SAC Gallery | Catherine Paleczny - Artist in Residence of S.A.C. Residency Program(5th Cycle)
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Catherine Paleczny – Artist in Residence of S.A.C. Residency Program(5th Cycle)

Catherine Paleczny – Artist in Residence of S.A.C. Residency Program(5th Cycle)



First trained as a sculptor, Catherine Paleczny has worked in a variety of media before embracing ceramics, so it comes as no surprise that she approaches her work from the point of view of a sculptor — with an eye to installation rather than single object-based work. She uses the power of the multiple, its relationship to craft, and mechanical reproduction as a means to confront the discourse of contemporary clay sculpture. She is among a select group of ceramists whose work extends the traditional notions of ceramics into the realm of a multi-media installation, by rejecting conventional vessel and object making in favour of installations.

Catherine Paleczny completed a Master of Fine Arts degree at the University of Calgary, Alberta, and has studied at the University of Michigan and the University of Western Sydney Australia.  Additionally, she also completed her Master of Science in Education degree at Niagara University Niagra Falls New York. She has been a guest artist in residence at the Happy Lucky Site in Japan, the International Ceramic Center in Denmark, the Banff Center in Alberta, the International Ceramic Sculpture Symposium in Boleslawiec, Poland and the Experimental Sculpture Factory in China. She has exhibited in Australia, Europe, Canada, China and in the USA. She has taught Fine Arts at The University of British Columbia, The University of Calgary, Alberta College of Art and Design, Sheridan College, The Toronto Art School and most recently St. John’s Kilmarnock School. Paleczny is currently the lead instructor of IB Visual Arts at SJK teaching grade 7-12. She is also an adjunct professor for the faculty of Education at WLU.

Catherine also has work in the permanent collection at the Grimmerhaus Museum in Denmark, the Culture Centre in Boleslawiec Poland, the Experimental Pottery Workshop in China and Happy Lucky Site Japan. Presently, Catherine has been working with Momentum Development, ABA Architects, ASP Design Group and JD Development creating site-specific permanent sculptures. 




“Art is located in its form,” Paleczny maintains, “and because of this, the representational aspects of a work of art are less important than those things that embody a thing’s internal identity.  My work essentially relates to the experience of the investigation – the looking and exploring of what is to be found in the environment … The meaning of the work bears less importance. It is not the content that compels me, but instead, the actual forms that manifest through the creation.”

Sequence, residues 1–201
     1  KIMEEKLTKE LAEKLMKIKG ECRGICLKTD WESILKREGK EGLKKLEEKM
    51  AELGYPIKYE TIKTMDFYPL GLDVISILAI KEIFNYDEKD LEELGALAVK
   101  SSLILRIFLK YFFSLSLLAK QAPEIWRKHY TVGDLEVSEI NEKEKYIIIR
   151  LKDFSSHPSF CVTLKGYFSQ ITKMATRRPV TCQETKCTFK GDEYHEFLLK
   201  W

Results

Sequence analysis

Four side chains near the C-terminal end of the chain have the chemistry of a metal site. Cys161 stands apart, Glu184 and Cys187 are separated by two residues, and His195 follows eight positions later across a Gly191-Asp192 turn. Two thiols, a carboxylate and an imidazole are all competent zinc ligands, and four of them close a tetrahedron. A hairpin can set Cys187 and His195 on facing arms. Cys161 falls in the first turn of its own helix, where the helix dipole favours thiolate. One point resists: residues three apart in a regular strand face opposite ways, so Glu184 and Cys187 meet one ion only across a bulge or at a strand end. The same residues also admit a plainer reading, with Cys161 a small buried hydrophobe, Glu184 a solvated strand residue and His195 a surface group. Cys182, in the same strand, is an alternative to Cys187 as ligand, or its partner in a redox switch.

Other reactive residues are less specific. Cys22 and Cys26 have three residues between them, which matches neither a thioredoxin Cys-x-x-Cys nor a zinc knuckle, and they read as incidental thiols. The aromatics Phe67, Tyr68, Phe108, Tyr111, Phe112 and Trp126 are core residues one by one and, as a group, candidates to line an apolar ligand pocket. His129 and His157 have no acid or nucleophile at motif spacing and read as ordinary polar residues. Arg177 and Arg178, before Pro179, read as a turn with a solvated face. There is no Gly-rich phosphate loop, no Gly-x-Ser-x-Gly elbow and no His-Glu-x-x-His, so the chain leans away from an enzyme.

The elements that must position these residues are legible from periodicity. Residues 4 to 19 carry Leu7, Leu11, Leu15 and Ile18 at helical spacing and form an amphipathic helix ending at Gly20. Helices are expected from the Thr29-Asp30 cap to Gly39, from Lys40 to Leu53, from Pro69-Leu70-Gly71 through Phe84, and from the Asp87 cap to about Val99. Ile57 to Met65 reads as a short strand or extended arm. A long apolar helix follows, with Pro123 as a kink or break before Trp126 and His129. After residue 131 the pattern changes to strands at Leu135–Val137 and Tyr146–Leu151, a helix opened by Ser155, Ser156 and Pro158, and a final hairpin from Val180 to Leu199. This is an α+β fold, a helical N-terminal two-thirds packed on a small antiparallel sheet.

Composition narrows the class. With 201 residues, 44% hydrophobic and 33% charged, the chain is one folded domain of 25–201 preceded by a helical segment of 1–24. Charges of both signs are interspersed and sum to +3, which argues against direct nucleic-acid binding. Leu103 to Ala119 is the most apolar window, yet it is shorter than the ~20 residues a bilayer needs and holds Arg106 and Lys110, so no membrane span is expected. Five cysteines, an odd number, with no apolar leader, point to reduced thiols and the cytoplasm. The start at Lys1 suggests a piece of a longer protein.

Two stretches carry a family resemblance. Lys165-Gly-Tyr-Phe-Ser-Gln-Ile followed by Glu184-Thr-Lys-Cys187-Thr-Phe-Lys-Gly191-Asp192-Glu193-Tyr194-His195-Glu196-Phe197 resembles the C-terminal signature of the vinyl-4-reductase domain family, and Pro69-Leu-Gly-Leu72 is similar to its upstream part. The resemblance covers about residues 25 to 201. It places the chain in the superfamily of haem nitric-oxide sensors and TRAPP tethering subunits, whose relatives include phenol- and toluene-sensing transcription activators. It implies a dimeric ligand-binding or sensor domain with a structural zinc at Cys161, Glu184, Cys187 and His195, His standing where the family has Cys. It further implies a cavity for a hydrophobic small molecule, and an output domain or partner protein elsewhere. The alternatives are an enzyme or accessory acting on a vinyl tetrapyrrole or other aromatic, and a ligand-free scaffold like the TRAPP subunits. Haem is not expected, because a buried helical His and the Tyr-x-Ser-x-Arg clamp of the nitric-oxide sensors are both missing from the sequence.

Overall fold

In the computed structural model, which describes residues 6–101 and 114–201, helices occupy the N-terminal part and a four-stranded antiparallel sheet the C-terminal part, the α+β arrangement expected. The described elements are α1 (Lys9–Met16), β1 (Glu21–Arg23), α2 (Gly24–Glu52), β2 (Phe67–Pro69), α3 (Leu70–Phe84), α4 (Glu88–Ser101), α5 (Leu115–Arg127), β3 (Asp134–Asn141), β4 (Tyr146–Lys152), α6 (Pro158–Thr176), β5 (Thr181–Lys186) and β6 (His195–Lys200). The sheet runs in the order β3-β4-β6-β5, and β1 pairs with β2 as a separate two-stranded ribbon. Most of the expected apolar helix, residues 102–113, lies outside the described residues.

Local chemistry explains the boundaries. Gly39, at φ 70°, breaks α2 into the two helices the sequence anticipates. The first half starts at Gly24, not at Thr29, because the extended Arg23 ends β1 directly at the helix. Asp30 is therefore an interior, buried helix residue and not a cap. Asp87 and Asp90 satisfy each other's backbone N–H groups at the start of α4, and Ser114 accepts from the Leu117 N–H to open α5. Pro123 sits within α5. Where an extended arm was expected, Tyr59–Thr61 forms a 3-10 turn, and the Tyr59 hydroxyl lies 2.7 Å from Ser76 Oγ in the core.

Artist’s Statement / Project

In my most recent work, I am concerned with investigating the tension created in my objects by contrasting organic and human-made forms. I am interested in dealing with surface texture and material that references the exterior coatings of organisms. The current approach to my work has developed out of a more surface-sensitive (and material-sensitive) appeal.










Each design conceived from nature by combining organic networks of textural and architectural elements aid in formulating the metamorphosis of the original specimen. The act of combining botanical, ambiguous elements helps to create something familiar yet at times somewhat unrecognizable. The use of rhythmic organization can be compared to that of the nature of laying bricks or building supports for walls. These actions aid in the organization of patterns and multiples. Through this technique, it is my intention to encapsulate or define space rather than create mere shapes or forms.

My work is devoted to the microcosms of the organic world and through my personal hybridization, I aim to create a new visual language. The sculptural installations fuse organic crossbreeds in order to establish a new environment that focuses on the integration of bulbous shapes, projections and carved incisions.



Syanthropes, synecology, synecdoche and the triality found within nature lay the conceptual foundation for my work. Synecdoche can be understood to suggest a part-whole relationship, meaning that one or more of the objects created are actually a portion or a part of another existing object. Synecology refers to the ecological interrelationships among communities of organisms. The intention of the objects is to flow across walls as if alive, paying homage to the theory of emergent behaviour. I seek to engage the viewer through the recognition of natural elements. Manipulating physically the surface of the clay to trigger a memory within the viewer.





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